‘Social gatherings’ vs. committee hearings; newspaper reveals Brownback’s sneaky government

It is one thing to be a strong leader, which Kansas Gov. Sam Brownback seemed to exhibit during his State of the State Address earlier this month. It’s quite another, though, to show signs of being a dictator, of which Brownback may guilty as a result of a closed-door “legislative dinner” on Jan. 9.

According to a story published by The Topeka Capital Journal’s Andy Marso, Brownback apparently has brought to Topeka Washington’s way of doing government business: privately and in back rooms away from the public’s view. Marso writes that Brownback invited a majority of members from the Senate’s KPERS Select Committee and the House’s Pensions and Benefits Committee to what his staff said was the first of seven such dinners at Cedar Crest, the governor’s mansion. Continue reading

Stop chemical additives in the food

Ultra-conservatives are so worried about too many regulations, too many government controls and making sure the rich and big corporations don’t have to pay too much in taxes in the guise of job creation.

Liberals are losing sleep because there’s not enough money to pay for all the government-funded programs and environmental issues that they thrive upon. National debt? What debt?!

And then there are the members of the TEA Party who are, well, who are just plain mad about everything. Continue reading

Remembering that first catch 18 years ago

I’m getting anxious…antsy anxious…cabin fever kind of anxious for the first weekend in February to get here. My son Justin and I are planning to head to Bennett Spring, Mo., for our first trout fishing jaunt of 2012. I’m so anxious, I went out and bought a new fishing pole and reel and that makes me overly anxious to get to Bennett and put a line in the water.

As I was feeding the line on my new reel the other day, I looked over and saw the reel and pole that I have used the past 18 years. It was January 1994 when Terri and the kids bought that pole and reel for my birthday. Just like today, back then I could hardly wait to try it out. But it would be nine months before that would happen. Continue reading

Same old political rhetoric

I heard the president’s speech Tuesday night, Jan. 24. I listened to the Republican response by Indiana Gov. Mitch Daniels. I watched the YouTube response from 3rd District Congressman Kevin Yoder, R-Overland Park. I listened to many of the “expert” commentators and pundits.

And here’s what I heard: a campaign speech, the president needs to bend to Republican ideals, that there are better ways to put people back to work and stimulate the economy, and then a lot of BS by commentators trying to impress each other with their so-called analytical expertise and satisfy their own egos. Continue reading

Medical marijuana should be a yes vote

It’s a good bet that HB2330 will go up in smoke because it’s the kind of smoke the majority of elected officials don’t want to see throughout the state — especially the Republican leadership and Kansas Gov. Sam Brownback (it wouldn’t look good on a presidential resume).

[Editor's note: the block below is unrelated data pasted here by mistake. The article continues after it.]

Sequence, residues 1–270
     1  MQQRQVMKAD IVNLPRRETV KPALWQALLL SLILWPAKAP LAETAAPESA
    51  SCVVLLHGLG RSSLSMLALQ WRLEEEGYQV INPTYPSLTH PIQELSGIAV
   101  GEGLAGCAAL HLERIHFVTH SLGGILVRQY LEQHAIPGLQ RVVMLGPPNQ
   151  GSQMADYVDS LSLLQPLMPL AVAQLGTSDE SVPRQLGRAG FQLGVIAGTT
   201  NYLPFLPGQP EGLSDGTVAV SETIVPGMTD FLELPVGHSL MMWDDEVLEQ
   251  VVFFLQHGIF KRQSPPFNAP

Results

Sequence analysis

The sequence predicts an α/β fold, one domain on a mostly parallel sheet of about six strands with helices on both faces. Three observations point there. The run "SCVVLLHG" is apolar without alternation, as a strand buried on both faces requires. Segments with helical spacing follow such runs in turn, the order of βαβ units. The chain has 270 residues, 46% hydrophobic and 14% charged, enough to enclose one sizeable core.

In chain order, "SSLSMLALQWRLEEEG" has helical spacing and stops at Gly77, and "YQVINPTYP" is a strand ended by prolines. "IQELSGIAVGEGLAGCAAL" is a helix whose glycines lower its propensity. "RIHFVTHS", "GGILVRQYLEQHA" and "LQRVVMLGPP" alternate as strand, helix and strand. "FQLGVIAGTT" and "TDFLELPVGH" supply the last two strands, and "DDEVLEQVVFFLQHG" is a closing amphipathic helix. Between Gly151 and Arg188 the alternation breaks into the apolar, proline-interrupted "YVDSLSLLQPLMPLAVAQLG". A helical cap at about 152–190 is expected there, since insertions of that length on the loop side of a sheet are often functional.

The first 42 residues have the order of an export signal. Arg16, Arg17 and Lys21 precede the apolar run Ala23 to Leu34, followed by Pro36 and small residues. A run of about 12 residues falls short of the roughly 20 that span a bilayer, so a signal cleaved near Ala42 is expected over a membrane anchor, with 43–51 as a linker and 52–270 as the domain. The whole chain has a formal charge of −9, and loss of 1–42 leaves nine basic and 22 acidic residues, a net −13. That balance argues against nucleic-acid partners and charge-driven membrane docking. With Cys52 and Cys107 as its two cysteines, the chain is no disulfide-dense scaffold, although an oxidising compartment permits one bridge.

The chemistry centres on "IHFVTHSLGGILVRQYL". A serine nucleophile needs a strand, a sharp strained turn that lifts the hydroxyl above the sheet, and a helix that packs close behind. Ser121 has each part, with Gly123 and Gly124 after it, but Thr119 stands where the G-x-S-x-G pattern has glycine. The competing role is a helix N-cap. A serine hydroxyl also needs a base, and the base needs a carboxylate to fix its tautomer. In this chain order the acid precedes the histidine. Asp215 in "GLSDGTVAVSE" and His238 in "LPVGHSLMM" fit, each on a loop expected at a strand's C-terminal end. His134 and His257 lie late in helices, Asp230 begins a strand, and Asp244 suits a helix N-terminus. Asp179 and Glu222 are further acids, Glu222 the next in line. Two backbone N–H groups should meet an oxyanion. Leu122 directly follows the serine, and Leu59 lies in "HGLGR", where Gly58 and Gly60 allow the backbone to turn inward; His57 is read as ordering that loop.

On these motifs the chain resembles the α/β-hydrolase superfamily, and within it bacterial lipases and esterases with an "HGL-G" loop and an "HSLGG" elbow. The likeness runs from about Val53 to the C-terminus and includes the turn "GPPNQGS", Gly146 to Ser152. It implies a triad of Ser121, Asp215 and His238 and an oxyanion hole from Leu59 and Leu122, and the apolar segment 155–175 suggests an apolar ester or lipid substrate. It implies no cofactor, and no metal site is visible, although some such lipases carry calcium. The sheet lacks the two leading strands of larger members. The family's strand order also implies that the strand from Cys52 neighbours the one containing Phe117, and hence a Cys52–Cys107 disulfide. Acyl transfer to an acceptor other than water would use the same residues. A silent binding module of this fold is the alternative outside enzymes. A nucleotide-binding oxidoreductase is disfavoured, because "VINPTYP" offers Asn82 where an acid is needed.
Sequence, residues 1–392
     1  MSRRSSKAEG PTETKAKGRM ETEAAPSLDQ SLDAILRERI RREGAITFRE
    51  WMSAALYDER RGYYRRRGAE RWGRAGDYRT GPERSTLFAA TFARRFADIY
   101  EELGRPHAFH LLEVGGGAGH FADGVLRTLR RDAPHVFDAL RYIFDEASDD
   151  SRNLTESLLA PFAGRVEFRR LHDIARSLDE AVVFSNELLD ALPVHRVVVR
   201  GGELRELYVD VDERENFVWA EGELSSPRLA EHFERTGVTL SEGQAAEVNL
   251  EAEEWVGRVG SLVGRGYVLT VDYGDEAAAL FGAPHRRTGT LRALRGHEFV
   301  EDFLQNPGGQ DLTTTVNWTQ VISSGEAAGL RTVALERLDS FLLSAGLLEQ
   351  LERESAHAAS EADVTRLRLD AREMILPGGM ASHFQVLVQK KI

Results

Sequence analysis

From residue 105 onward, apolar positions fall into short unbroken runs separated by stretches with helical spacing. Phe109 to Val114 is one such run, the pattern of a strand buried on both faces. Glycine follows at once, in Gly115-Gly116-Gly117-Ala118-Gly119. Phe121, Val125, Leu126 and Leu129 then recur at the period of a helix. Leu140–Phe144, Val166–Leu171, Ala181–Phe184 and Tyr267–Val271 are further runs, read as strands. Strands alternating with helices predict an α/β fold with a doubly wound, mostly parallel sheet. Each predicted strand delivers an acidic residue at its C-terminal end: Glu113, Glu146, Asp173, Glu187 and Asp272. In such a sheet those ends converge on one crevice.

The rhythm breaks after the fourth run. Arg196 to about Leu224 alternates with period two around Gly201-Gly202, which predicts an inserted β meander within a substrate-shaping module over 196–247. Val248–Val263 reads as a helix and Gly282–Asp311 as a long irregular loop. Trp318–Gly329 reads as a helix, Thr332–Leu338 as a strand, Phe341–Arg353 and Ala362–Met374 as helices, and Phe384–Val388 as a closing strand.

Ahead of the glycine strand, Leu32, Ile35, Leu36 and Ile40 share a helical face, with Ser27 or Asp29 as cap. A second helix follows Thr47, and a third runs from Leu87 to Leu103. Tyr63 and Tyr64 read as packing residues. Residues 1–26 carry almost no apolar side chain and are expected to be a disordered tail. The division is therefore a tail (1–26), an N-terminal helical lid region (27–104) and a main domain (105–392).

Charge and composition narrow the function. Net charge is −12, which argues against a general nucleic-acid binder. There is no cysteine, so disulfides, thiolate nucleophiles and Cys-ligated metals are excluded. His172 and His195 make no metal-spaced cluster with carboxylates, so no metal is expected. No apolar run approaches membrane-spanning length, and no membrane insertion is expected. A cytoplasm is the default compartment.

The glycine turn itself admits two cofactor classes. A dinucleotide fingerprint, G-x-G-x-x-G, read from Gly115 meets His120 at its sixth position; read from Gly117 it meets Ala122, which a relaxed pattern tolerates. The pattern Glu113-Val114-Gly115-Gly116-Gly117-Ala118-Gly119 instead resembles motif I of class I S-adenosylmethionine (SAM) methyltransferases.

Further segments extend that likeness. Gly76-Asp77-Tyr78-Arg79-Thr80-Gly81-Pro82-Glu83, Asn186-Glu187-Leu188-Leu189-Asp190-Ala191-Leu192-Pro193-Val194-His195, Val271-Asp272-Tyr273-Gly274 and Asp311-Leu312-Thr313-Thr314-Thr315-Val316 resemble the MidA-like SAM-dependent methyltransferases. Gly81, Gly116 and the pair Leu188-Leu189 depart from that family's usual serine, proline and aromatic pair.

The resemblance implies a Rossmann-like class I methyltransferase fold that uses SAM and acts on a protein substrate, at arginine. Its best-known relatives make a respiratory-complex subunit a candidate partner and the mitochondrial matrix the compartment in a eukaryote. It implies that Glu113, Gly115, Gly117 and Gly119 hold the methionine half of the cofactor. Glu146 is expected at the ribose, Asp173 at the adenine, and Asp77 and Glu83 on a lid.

House Bill 2330 would make Kansas the 17th state to legalize the growing, selling and prescription use of medical marijuana. Supporters, which include many physicians armed with results of medical studies and statistical data, claim Kansans would benefit greatly from legalizing marijuana for medical reasons; that it not only is more effective in treating various symptoms of chronic pain and stress, but it also is more safe and considerably cheaper than most typically prescribed pharmaceutical drugs that can cause severe, and sometimes fatal, side affects.

Want to venture a guess as to why pharmaceutical companies are so adamantly opposed to legalizing medical marijuana? Continue reading

Olatheans will miss Montgomery on council

Bob Montgomery

When not conducting city, state, or personal business, Bob Montgomery often can be found trout fishing at Bennett Spring, Mo.

Bob Montgomery is a true Olathean in every sense of the word.

Not just because he grew up in this community when it was nothing more than a small, rural town with a couple of grain elevators and a thriving downtown where farmers and their families would come to town at least once a week to shop, but because he truly cares about Olathe and the people who live here.

That’s the main reason he ran for the at-large seat on Olathe’s City Council 15 years ago. It’s one of the reasons he has decided to resign from the council. Continue reading

Choosing outdated laws to repeal

After taking office last year, Kansas Gov. Sam Brownback created the Office of the Repealer. It’s within the Kansas Department of Administration. And today, Jan. 20, under the watchful eye of Administration secretary Dennis Taylor, the governor proudly released a list of 51 regulations, laws and executive orders the Repealer Czar is recommending for repeal.

Pardon me while I sit back, rub my eyes and scratch my forehead.

It’s not that I don’t agree stupid and outdated laws should be retired. My concern is the cost effectiveness of creating this Repealer office. How much is it costing Kansas taxpayers to have someone research the books to find these ridiculous laws. And in 150 years of Kansas’ statehood, the Repealer Czar only could come up with 51 laws targeted to be repealed?

An effort like this, I think, would be an excellent college project, especially for some wannabe lawyers and Political Science majors at Washburn University in Topeka. It could be a great project for a team of students or for someone seeking their masters or doctorate. Continue reading

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